Highlands residents concerned about Rogers cell tower on Glamorgan Road

Minnicock Lake Road resident Liz Laidlaw (front) shows off a petition lobbying against the construction of a new 90-metre cell tower in the area. Also pictured, from left, Michael Butz, Susan Butz and Duncan Nicholson.

A group of Highlands residents said they were shocked to learn last month that a new 90-metre cell tower has been proposed for Glamorgan Road. Further, they claim approval is being rushed despite homeowners knowing nothing about it. 

Liz Laidlaw was driving home one night when she spotted a notice about the project from Rogers on the side of Minnicock Lake Road. After talking to nearby residents, Laidlaw said few were aware of the plans. 

Of more than two dozen nearby homes, she said only four had been served with an information package by Rogers.

 “We’re concerned not only about the project, but the process too,” Laidlaw said. “If I hadn’t stopped to read that sign, we may not have learned about the project until it was too late.” 

As part of the public consultation process outlined by Dysart et al, Christian Lee, a wireless site specialist with Rogers, said the company is only required to notify property owners within 500-meters of the tower location. 

According to Rogers, the tower will boost cell reception for residents and provide wireless network coverage for customers in the area. It’s part of the $300 million public-private partnership announced last year by the Eastern Ontario Regional Network (EORN) to improve cellular connectivity throughout the region. 

Rogers is preparing to bring between 30 and 40 new fifth-generation cell towers and improve 21 existing ones across Haliburton County. 

The company expects to complete all upgrades by the end of this year, with new tower construction to wrap up by 2025. The nearest existing tower to the proposed site on Glamorgan Road is almost nine kilometres away.

Laidlaw said she’s concerned about the environmental impact. She believes the tower poses risks to wildlife and plant life, and that it will disrupt the natural landscape and beauty of the area. “There are natural wetlands, turtle nesting areas, bird migratory paths and a heronry in this area, which will all be impacted by construction,” she said.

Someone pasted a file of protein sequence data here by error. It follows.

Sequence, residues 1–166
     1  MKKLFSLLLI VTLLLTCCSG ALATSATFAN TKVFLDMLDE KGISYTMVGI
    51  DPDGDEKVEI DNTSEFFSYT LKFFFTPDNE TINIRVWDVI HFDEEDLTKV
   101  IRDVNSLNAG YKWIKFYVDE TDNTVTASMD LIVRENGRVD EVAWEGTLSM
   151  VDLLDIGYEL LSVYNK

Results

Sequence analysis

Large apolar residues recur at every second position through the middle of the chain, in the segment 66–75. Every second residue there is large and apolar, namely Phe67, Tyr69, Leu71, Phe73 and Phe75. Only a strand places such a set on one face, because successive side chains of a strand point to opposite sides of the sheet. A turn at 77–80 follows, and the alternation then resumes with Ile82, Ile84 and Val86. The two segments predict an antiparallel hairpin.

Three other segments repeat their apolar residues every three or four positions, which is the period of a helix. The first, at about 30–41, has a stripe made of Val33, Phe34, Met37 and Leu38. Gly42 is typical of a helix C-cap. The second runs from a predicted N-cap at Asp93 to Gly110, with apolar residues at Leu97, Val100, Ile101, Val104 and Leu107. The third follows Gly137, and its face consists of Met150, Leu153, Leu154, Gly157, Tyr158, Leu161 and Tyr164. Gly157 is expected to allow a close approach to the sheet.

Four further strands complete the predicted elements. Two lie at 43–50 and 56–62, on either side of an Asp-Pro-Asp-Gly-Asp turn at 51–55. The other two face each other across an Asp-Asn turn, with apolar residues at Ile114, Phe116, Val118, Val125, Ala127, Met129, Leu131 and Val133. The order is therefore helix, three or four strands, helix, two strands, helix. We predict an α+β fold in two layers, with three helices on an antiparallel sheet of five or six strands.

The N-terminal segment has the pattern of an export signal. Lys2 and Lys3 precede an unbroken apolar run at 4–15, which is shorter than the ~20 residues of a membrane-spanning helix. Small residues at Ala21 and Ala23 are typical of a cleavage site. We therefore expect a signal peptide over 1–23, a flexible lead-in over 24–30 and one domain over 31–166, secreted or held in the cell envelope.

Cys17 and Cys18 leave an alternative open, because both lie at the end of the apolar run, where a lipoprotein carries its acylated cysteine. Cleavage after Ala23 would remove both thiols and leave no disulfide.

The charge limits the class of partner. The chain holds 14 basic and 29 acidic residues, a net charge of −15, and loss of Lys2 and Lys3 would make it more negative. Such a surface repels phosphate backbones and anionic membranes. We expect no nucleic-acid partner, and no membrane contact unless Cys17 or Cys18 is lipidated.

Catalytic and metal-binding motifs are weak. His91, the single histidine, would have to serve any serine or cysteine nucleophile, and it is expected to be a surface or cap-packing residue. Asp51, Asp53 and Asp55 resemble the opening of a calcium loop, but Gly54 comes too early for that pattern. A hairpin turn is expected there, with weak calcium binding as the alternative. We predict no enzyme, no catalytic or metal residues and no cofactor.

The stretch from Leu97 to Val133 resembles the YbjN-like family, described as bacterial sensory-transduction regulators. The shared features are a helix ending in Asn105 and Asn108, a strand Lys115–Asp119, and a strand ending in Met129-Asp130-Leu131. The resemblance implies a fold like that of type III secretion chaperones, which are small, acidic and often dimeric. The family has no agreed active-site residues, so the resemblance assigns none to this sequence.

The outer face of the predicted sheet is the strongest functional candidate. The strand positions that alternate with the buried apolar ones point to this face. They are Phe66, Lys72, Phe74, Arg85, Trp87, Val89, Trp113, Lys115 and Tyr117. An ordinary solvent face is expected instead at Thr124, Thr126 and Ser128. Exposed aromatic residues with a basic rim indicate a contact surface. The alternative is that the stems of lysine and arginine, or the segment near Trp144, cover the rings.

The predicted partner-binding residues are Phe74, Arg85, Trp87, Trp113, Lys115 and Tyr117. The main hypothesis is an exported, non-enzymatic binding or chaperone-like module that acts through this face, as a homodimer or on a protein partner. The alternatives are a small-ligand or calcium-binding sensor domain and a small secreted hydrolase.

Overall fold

Laidlaw claims initial talks with Rogers weren’t productive, so she launched a petition. At press time, it has 80 signatures.

Rogers spokesperson Zac Carreiro told The Highlander the proposed site will not have any impact on the watershed, wells or water quality. The company said the project meets or exceeds all standards set out by Health Canada in its ‘Safety Code 6’ – a document that outlines recommended safety limits for human exposure to radiofrequency electromagnetic fields.

“The proposed site will provide optimal wireless coverage along Hwy. 118 and Glamorgan Road, where there is currently poor wireless service, as well as provide improved connectivity to any individual needing to contact emergency services,” Carreiro said.

 Laidlaw contends cell reception in the area is already adequate.

She and several other residents, including Michael and Susan Butz, attended a virtual public consultation June 14.

 “The meeting was geared towards Rogers’ agenda. The bulk of the time allotted was an overview of the materials we already had. There was very little time given to address concerns and questions from the attendees,” Laidlaw claimed. 

Dysart Ward 2 Coun. Larry Clarke asked Lee if a smaller tower more fitting to the surroundings could be installed, such as the pine tree lookalikes that have become popular in Muskoka. Laidlaw claimed Rogers shot the idea down. 

“He said a 90-metre tower was absolutely necessary to hit all the coverage zones Rogers wants to hit,” Laidlaw said. 

Dysart et al deputy mayor Pat Kennedy said he sat in on the virtual meeting and afterwards was “a little dismayed how it was dealt with.”

He said one person was cut off mid-sentence as Rogers ended the meeting. 

“They could have done a better job.” 

Butz, who lives on Glamorgan Road, wondered what Rogers intended to do to ensure a stream that runs through the area was unaffected by construction. 

Carreiro said Rogers will install a culvert to ensure the stream can flow uninterrupted. Before construction is to begin, the tower must be approved by Dysart et al. 

Director of planning Jeff Iles said a report on the application would be presented to council on June 28. Laidlaw said she intends on making her feelings known to council before any decision is made. 

“The ideal outcome we are looking for is the cancellation of this proposed tower. It is clearly stated from the community [through the petition] that it is neither wanted nor needed in this area,” Laidlaw said. “We value the natural beauty of our surroundings and choose to protect all within it.”